United Nations Convention against Torture  

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Train wreck at Montparnasse (October 22, 1895) by Studio Lévy and Sons.
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Train wreck at Montparnasse (October 22, 1895) by Studio Lévy and Sons.

The Convention against Torture and Other Cruel, Inhuman or Degrading Treatment or Punishment (commonly known as the United Nations Convention against Torture) is an international human rights treaty, under the review of the United Nations, that aims to prevent torture and cruel, inhuman degrading treatment or punishment around the world.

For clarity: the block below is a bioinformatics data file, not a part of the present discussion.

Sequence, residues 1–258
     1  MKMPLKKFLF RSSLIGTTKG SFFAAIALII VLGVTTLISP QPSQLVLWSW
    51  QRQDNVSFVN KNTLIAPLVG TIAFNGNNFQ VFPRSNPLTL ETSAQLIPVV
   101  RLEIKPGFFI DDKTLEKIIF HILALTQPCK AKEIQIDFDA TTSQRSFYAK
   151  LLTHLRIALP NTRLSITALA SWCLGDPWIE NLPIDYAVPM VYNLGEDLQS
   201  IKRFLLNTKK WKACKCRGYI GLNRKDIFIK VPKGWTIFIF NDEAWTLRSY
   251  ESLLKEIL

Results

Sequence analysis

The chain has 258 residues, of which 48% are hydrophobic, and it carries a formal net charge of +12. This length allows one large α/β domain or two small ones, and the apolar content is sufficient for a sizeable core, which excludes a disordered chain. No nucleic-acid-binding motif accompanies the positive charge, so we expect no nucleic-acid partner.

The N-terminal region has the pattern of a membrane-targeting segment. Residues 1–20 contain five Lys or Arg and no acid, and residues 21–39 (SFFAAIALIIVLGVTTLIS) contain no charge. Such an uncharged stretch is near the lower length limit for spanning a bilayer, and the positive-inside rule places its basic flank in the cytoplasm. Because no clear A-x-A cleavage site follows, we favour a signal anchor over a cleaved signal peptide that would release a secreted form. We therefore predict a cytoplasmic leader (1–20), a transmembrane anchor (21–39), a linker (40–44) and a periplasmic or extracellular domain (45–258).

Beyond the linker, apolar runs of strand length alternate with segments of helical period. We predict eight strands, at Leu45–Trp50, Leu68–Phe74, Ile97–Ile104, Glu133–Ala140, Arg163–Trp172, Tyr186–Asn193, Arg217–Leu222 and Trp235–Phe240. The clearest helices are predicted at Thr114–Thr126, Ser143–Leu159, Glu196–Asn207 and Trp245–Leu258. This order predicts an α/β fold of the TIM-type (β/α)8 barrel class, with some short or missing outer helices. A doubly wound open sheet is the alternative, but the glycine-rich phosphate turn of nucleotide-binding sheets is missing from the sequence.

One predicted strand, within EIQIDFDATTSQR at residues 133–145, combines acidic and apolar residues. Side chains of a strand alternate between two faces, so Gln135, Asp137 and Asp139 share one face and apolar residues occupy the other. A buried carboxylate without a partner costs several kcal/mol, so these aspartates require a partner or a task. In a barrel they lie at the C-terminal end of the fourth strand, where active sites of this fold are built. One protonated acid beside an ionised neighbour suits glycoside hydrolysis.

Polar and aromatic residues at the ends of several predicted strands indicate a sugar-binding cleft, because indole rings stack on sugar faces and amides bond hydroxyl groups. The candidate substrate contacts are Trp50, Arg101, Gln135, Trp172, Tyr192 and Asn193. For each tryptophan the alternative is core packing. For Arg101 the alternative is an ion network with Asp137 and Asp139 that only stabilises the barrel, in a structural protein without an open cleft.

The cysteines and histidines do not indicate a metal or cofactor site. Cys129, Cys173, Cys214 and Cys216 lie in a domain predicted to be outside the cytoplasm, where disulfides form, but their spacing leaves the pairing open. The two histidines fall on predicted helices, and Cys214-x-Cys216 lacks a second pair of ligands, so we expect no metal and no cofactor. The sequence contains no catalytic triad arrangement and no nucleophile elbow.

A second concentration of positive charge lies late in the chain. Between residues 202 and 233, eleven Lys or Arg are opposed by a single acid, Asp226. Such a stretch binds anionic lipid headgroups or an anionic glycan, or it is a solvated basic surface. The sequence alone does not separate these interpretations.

The Convention requires states to take effective measures to prevent torture within their borders, and forbids states to transport people to any country where there is reason to believe they will be tortured.

The text of the Convention was adopted by the United Nations General Assembly on 10 December 1984 and, following ratification by the 20th state party, it came into force on 26 June 1987. 26 June is now recognised as the International Day in Support of Victims of Torture, in honour of the Convention. As of September 2014, the Convention has 156 state parties.

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Unless indicated otherwise, the text in this article is either based on Wikipedia article "United Nations Convention against Torture" or another language Wikipedia page thereof used under the terms of the GNU Free Documentation License; or on original research by Jahsonic and friends. See Art and Popular Culture's copyright notice.

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